The colloidal state depends on the particle size. It is regarded as an intermediate state between true solution and suspension.
In true solution, the size of the particles of solute is very small and thus, these cannot be detected by any optical means and freely diffuse through membranes. It is a homogenous system.
The size of particles is large and, thus it can be seen by naked eye and do not pass through filter paper. It is a heterogeneous system.
Classification of colloids:
Colloids are classified on the basis of the following criteria:
- The physical state of the dispersed phase and the dispersion medium
- Nature of interaction between dispersed phase and dispersion medium.
- Type of particles of the dispersed phase.
Classification Based on the Physical state of Dispersed Phase and Dispersion Medium:
Depending upon whether the dispersed phase and the dispersion medium are solids, liquids or gases, eight types of colloidal systems are possible. A gas mixed with another gas forms a homogeneous mixture and hence is not a colloidal system. The examples of the various types of colloids along with their type names are listed in Table:
Classification based on Nature of interaction between dispersed phase and dispersion medium:
- Lyophilic colloids (water-loving): “The colloidal solutions in which the particles of the dispersed phase have a great affinity for the dispersion medium, are called lyophilic colloids.”
- Lyophobic colloids (water-hating): “The colloidal solution in which there is no affinity between particles of the dispersed phase and the dispersion medium are called lyophobic colloids.”
Classification based on types of particles of dispersed:
- Multimolecular colloids
- Macromolecular colloids
- Associated colloids
Micelles are the clusters or aggregated particles formed by the association of colloid in solution. The common examples of micelles are soaps and detergents. The formation of micelles takes place above a particular temperature called Kraft temperature(TK) and above a particular concentration called critical micellization concentration(CMC). They are capable of forming ions. Micelles may contain as many as 100 molecules or more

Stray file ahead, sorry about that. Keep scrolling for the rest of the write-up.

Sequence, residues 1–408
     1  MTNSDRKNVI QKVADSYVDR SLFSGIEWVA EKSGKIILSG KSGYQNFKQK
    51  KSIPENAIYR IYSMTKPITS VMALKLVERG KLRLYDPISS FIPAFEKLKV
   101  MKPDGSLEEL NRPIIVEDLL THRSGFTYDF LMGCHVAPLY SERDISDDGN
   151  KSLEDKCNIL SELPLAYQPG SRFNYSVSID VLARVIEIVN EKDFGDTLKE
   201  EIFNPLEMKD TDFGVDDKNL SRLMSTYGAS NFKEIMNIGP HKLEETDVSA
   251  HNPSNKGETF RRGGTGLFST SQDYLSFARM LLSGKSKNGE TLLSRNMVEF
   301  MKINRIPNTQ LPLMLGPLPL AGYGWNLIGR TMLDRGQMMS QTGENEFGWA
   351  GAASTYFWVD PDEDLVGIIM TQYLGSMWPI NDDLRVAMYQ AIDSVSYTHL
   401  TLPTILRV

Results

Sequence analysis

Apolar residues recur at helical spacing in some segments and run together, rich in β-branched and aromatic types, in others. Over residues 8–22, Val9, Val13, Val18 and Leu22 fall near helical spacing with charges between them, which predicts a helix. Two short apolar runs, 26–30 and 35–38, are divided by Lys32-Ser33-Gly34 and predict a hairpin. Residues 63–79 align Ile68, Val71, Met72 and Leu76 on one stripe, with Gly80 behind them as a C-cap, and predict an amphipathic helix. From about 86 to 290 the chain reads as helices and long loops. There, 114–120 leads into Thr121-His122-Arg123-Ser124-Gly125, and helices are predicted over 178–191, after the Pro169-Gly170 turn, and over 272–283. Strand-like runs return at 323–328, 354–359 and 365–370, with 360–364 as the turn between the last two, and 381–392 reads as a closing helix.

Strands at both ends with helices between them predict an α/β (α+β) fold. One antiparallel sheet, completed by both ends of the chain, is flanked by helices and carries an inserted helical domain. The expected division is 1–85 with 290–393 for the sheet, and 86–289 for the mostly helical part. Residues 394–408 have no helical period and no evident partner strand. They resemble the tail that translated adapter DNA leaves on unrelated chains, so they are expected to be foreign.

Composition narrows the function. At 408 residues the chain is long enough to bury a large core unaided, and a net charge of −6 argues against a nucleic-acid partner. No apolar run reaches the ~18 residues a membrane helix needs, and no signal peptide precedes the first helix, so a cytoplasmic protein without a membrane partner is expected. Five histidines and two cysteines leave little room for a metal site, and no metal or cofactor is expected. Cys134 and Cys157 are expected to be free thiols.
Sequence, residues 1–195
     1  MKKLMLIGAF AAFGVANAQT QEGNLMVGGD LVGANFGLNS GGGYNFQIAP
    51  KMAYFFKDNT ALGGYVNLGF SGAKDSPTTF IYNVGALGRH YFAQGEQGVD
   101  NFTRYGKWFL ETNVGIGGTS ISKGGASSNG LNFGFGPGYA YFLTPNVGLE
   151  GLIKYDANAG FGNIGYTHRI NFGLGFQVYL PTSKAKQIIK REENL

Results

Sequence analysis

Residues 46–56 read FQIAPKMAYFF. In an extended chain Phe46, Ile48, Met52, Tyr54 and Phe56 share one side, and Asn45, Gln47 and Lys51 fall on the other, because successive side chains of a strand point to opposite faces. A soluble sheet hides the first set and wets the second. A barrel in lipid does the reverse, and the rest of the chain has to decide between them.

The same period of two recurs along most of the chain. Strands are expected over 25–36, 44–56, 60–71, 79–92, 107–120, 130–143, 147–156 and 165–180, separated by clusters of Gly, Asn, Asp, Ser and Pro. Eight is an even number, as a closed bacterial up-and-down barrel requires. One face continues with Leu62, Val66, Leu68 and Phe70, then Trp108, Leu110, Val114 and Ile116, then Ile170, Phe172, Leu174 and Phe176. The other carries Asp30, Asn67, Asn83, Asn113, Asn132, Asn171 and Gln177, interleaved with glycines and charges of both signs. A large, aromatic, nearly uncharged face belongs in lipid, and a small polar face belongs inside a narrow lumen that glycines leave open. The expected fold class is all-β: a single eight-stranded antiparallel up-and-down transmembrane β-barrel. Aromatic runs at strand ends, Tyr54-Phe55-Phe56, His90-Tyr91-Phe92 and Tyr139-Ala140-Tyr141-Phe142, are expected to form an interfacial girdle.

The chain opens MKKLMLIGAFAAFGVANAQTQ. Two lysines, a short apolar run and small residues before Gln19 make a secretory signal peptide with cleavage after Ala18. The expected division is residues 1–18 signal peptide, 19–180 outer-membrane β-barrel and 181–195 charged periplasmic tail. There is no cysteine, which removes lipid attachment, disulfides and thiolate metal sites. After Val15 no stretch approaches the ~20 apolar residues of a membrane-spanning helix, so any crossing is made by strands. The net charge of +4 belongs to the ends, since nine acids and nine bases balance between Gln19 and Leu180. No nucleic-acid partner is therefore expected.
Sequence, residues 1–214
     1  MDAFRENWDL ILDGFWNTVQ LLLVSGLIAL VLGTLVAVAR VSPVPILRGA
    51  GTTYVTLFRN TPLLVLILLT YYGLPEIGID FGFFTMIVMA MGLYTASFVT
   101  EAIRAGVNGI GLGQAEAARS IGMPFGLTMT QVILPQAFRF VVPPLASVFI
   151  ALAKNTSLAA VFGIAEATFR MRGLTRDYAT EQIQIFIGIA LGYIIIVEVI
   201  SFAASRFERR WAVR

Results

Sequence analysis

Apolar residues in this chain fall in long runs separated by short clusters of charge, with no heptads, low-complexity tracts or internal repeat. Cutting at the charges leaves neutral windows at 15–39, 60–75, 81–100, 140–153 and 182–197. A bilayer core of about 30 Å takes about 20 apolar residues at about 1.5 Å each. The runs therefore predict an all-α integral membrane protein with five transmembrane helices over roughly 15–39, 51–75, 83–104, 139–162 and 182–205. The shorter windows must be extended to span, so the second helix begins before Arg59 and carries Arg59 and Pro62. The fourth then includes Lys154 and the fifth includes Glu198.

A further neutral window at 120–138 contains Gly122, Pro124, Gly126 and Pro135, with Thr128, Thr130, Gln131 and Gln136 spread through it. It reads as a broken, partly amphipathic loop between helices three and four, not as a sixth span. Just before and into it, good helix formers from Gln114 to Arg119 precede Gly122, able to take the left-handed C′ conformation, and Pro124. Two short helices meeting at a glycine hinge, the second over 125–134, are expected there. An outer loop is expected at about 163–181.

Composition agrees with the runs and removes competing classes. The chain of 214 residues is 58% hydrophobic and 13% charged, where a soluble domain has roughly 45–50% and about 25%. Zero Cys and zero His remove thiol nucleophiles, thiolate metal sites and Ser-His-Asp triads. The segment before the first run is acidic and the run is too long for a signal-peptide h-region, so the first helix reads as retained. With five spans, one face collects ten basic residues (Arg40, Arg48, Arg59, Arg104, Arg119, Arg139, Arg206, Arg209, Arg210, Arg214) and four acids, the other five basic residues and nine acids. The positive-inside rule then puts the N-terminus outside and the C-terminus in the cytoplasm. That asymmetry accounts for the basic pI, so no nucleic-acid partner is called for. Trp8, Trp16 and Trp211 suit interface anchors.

- For example, sodium stearate (C17H35COONa) is a typical example of such type of molecules.
- When sodium stearate is dissolved in water, it gives Na+ and C17H35COO– ions.
The stearate ions associate to form ionic micelles of colloidal size.
- It has long hydrocarbon part of C17H35 radical. Which is lyophobic and COO– part which is lyophilic.
Cleansing action of soaps
It has been mentioned earlier that a micelle consists of a hydrophobic hydrocarbon – like central core. The cleansing action of soap is due to the fact that soap molecules form the micelle around the oil droplet in such a way that hydrophobic part of the stearate ions is in the oil droplet and hydrophilic part projects out of the grease droplet like the bristles (Fig). Since the polar groups can interact with water, the oil droplet surrounded by stearate ions is now pulled in water and removed from the dirty surface. This soap helps in emulsification and washing away of oils and fats. The negatively charged sheath around the globules prevents them from coming together and forming aggregates.
Properties of Colloidal Solution:
- Colligative properties: Colloidal particles being bigger aggregates, the number of particles in a colloidal solution is comparatively small as compared to a true solution. Hence, the values of colligative properties (osmotic pressure, lowering in vapour pressure, depression in freezing point and elevation in boiling point) are of small order as compared to values shown by true solutions at same concentrations.
- Tyndall effect: When light passes through a sol, its path becomes visible because of scattering of light by particles. It is called Tyndall effect. This phenomenon was studied for the first time by Tyndall. The illuminated path of the beam is called Tyndall cone. In a true solution, there are no particles of sufficiently large diameter to scatter light and hence no Tyndall effect is observed. The Tyndall effect has also been observed by an instrument called ultramicroscope.
Tyndall effect is observed only when the following two conditions are satisfied